February 22, 2010
As the rest of the world watched Haiti begin its arduous climb out of the chaos of January's catastrophic earthquake, veteran actor, humanitarian and Black AIDS Institute board member Danny Glover took one look at all the developments and shook his head.
As he saw it, U.S. military personnel had moved in a little too quickly to take control of the country's rescue and recovery efforts, and now they were at the forefront of the island's peacekeeping operations too, beating countries like France, the United Kingdom and China to the punch.
While many in the Haitian government have responded positively to U.S. efforts to help the country regain stability, Glover is concerned about potential underlying motives. He says we may be overlooking what could be the United States' covert attempt at neocolonialism.
"Twenty thousand troops on the ground, and you can't get water and food to the people?" he asked. "We have to make sure this is not a militarization process all under the guise of security. ... Rescuers were coming from all over Latin America--Brazil, Venezuela--[and] even Europe to help Haiti. And yet the U.S. has control over the airspace and determines who lands and doesn't land there. This is of concern to a lot of people."
It's hard to fault Glover for being a bit protective. A longtime fan of the island--Latin America's first independent nation and the world's first Black-led republic--the actor fell in love with Haiti when he first traveled there in 1973 for a dose of culture and history.
"Before I went, I didn't know anything about the Haitian revolution," he said. "I didn't know anything [about] its heroes: Toussaint L'Ouverture, Jean-Jacques Dessalines and others. But I came to learn that the U.S. played a role in undermining Haiti's sovereignty over the years. It purposely attempted to maintain a relationship [with Haiti] that would bring about a legacy of instability."
Glover has felt so strongly about this issue that he vowed 25 years ago to finance and direct a movie about the 18th-century slave uprising that led to Haiti's independence, despite concerns about the movie's commercial prospects, given that it would have a Black director and no White stars. Although he has managed to raise more than $18 million for the project--much of it coming from his longtime friend Venezuelan president Hugo Chávez, who gave Glover permission to shoot the film in his country--the epic has been stalled.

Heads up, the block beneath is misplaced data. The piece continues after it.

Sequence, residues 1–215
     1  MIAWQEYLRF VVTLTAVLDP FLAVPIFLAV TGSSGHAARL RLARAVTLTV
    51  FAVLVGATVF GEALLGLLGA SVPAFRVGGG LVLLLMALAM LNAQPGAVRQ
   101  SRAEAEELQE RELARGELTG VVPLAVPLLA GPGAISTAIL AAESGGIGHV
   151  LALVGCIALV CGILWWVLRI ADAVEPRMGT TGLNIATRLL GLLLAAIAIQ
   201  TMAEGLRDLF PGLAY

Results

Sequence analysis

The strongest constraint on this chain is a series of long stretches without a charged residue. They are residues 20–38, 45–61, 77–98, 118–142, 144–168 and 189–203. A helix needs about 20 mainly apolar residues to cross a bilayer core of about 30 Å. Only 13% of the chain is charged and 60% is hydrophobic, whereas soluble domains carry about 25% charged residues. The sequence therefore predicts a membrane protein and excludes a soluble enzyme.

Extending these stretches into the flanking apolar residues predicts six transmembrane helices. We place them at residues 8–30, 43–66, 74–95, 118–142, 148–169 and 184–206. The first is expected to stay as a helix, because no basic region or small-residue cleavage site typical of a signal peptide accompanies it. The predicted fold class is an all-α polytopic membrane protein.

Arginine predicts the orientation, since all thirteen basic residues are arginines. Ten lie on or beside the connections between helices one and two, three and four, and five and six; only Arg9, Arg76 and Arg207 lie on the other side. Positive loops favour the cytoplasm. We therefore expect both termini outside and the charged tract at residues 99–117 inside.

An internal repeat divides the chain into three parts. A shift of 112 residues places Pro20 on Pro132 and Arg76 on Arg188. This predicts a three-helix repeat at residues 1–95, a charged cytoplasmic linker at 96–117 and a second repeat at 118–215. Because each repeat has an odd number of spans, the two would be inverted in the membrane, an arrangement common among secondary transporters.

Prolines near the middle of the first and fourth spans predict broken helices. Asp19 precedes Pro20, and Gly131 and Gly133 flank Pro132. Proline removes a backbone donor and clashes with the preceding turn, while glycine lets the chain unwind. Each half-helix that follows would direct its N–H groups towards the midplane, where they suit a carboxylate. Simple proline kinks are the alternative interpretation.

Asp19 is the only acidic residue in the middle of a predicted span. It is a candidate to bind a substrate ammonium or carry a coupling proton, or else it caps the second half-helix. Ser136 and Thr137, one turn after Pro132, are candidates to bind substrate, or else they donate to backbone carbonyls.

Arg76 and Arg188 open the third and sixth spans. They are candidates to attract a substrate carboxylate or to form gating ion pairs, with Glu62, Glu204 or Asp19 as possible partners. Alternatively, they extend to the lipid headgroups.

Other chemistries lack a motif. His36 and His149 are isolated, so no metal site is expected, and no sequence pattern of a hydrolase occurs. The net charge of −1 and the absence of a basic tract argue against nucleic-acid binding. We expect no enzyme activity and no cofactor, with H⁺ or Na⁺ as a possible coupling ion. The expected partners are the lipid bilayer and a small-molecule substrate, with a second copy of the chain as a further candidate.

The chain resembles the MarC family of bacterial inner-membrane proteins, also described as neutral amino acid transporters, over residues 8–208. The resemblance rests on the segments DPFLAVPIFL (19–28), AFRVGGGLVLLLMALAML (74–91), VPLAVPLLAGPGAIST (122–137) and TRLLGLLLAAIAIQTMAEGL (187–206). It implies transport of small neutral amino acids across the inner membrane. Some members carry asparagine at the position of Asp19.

"Everything has changed with the world economy, and it's made raising money for the film difficult," Glover says of his labor of love, for which he has been able to get commitments from stars like Don Cheadle, Mos Def, Wesley Snipes and Angela Bassett. "But I'm not abandoning it," he adds. "Perhaps maybe now with what's just happened in Haiti, people will understand why this story is so important. It may soon be the perfect time ... we'll see."
One thing's for sure, though: For Glover, the timing has never been better to up the ante in the war on HIV. The actor is pulling triple duty as a board member for the Black AIDS Institute, a UNICEF ambassador and a global ambassador for the United Nations Development Program. In the latter capacity, he has traveled from Trinidad and Tobago to Tanzania to support programs that promote HIV testing, the prevention of mother-to-child transmission, and stigma reduction.
"My brother lives with HIV/AIDS. He has been living with HIV for the past 20 years," Glover told young people in Tanzania, UNICEF reports. "The work and the responsibility we have are not simply to our immediate families but also to the community that we are living in."
To that end, Glover has submitted written testimony about the AIDS pandemic to the U.S. Congress: "We have the moral responsibility to make a difference while we can: not only for those currently living but for those future generations as well." He also co-chairs, along with actress Jackée Harry, the Trump AIDS National Bid Whist Tournament. The initiative, which will promote HIV awareness and testing in more than 25 cities nationwide, is sponsored by the Black AIDS Institute.
When he's not helping to battle the epidemic, the Emmy-nominated thespian has his 9-to-5 to keep him busy. He's starring in a slew of upcoming films, including the comedy Death at a Funeral, with Chris Rock and Martin Lawrence; and the animated adventure Alpha and Omega, with Christina Ricci and Justin Long.
Tomika Anderson is a freelance writer based in Brooklyn, New York. Her work has appeared in Essence, POZ, Real Health and Ebony magazines, among others.